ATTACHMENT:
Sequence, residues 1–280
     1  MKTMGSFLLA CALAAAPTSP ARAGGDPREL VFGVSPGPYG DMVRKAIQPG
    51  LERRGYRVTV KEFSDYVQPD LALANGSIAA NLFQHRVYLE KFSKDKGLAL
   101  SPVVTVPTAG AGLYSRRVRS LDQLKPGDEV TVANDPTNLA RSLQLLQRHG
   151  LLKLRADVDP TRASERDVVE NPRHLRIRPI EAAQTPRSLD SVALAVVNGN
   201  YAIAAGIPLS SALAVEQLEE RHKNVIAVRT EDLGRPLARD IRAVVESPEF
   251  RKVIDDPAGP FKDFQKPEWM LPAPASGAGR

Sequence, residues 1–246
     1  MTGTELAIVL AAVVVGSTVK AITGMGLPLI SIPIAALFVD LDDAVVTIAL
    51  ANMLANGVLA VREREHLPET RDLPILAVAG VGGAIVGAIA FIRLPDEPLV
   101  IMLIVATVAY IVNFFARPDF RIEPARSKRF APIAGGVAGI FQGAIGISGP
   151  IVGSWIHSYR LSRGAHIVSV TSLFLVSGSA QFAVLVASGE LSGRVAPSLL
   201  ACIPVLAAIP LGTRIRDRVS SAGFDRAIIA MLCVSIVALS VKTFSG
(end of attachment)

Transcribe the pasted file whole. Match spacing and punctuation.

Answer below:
Sequence, residues 1–280
     1  MKTMGSFLLA CALAAAPTSP ARAGGDPREL VFGVSPGPYG DMVRKAIQPG
    51  LERRGYRVTV KEFSDYVQPD LALANGSIAA NLFQHRVYLE KFSKDKGLAL
   101  SPVVTVPTAG AGLYSRRVRS LDQLKPGDEV TVANDPTNLA RSLQLLQRHG
   151  LLKLRADVDP TRASERDVVE NPRHLRIRPI EAAQTPRSLD SVALAVVNGN
   201  YAIAAGIPLS SALAVEQLEE RHKNVIAVRT EDLGRPLARD IRAVVESPEF
   251  RKVIDDPAGP FKDFQKPEWM LPAPASGAGR

Sequence, residues 1–246
     1  MTGTELAIVL AAVVVGSTVK AITGMGLPLI SIPIAALFVD LDDAVVTIAL
    51  ANMLANGVLA VREREHLPET RDLPILAVAG VGGAIVGAIA FIRLPDEPLV
   101  IMLIVATVAY IVNFFARPDF RIEPARSKRF APIAGGVAGI FQGAIGISGP
   151  IVGSWIHSYR LSRGAHIVSV TSLFLVSGSA QFAVLVASGE LSGRVAPSLL
   201  ACIPVLAAIP LGTRIRDRVS SAGFDRAIIA MLCVSIVALS VKTFSG